How to Make a DIY Tree Swing

Tree swing in urban park
Mike Tauber / Getty Images
Project Overview
  • Working Time: 2 - 4 hrs
  • Total Time: 1 day
  • Yield: 1 tree swing
  • Skill Level: Beginner
  • Estimated Cost: $100 to $150

A simple rope swing suspended from a tree is the cherry on top of a good yard. Maybe it's because this classic lawn accessory is one of the few toys that, when done right, can actually improve the look of the yard while greatly boosting its fun factor. When built properly, these swings can last for years and provide safe playtime season after season. However, there are a few tips and tricks that you'll want to pay special attention to in order to ensure the quality and safety of your tree swing.

What You'll Need

Equipment / Tools

  • Extension ladder
  • Pliers
  • Measuring tape
  • Miter saw
  • Speed square
  • Pencil
  • Drill
  • Drill bits
  • Router
  • Chamfer bit
  • Orbital sander
  • Polyurethane brush
  • Small box level
  • Utility knife
  • Lighter

Materials

  • 2 2-foot 1/4-inch stainless-steel chains
  • 50-100-foot 5/8-inch twisted polypropylene rope
  • 2 1/4-inch chain shackles
  • 2 1/4-inch grab hooks
  • 2-foot 2x8 hardwood lumber board
  • 5/8-inch fender washers
  • Clear polyurethane sealant
  • Wood stain (optional)
  • 120-grit sanding pads
  • 220-grit sanding pads

Instructions

  1. Choose the Proper Tree

    Before building your swing, you should first scope your yard for the right tree. It's wise to avoid more fragile varieties such as evergreens, willows, fruit trees, and any other softwood varieties. Instead, focus your search on mature hardwoods like maples, oaks, hickories, and sycamores.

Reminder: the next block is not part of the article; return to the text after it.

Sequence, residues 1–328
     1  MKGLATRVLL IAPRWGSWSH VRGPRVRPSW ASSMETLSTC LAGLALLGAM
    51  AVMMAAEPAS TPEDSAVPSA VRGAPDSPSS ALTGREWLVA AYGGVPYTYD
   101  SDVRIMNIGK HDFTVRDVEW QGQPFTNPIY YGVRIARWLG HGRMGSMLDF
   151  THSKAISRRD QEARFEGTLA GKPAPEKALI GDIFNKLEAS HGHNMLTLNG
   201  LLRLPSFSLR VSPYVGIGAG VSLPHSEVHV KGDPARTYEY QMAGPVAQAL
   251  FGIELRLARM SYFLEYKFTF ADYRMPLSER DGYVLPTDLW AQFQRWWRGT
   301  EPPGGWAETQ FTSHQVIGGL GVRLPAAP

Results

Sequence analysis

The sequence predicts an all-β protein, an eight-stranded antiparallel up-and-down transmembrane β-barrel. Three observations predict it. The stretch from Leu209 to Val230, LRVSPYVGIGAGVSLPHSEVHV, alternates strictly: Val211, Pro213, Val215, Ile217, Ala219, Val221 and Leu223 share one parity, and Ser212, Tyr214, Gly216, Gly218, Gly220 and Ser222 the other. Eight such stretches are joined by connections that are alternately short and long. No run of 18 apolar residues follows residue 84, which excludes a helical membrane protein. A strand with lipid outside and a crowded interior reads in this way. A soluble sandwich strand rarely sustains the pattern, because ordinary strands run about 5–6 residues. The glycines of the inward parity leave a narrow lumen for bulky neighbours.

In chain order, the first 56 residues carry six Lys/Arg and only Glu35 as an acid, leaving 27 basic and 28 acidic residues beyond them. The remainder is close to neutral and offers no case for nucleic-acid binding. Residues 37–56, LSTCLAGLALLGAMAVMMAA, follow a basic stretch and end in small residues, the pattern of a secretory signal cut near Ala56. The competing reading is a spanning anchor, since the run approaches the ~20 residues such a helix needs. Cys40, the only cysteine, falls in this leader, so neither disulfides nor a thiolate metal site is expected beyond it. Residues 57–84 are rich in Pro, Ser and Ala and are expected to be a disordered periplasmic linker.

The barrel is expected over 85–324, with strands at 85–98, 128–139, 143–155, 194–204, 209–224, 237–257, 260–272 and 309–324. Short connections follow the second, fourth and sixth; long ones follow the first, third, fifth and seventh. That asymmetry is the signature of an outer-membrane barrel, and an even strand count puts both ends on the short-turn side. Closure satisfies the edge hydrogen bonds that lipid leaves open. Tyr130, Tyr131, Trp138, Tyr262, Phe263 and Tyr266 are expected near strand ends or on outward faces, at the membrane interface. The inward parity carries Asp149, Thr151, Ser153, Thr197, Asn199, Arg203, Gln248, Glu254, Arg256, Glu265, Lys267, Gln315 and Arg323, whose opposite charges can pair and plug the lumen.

2. Choose a Sturdy Branch

    The best candidate for a tree swing is a nearly horizontal branch that measures at least 8 inches in diameter and sits no more than 15 feet from the ground. From the ground, it can be hard to tell how sturdy a tree branch is. So, once you have a branch in mind, grab an extension ladder for further inspection. Lean the ladder against the branch and ensure it's safe before climbing. Measure the branch and inspect the overall health of the branch as well as the tree itself before moving forward.

  3. Position Chains on Branch

    While the rope is the quintessential part of a tree swing, positioning chains on the branch itself is a great way to ensure the safety of the swing, as well as make future adjustments a breeze.

    First, make sure you have enough chain to leave a little excess for tree growth. Outfit your chain with a grab hook on one end and an anchor shackle on the other, ensuring both are securely fastened to the chain. Slip the chain around the branch, and tightly secure it by hooking it to the grab hook. Repeat with the second chain, spacing the two approximately 1 1/2 to 2 feet apart.

    Tip

    Strike a balance when choosing the positioning of your chains. A swing that's too close to the trunk poses a safety risk whilst swinging, while one too far from the trunk could compromise the strength of the branch. On large, sturdy branches, aim for a spacing of at least 3 feet from the trunk.

  4. Attach Rope to Chain Shackles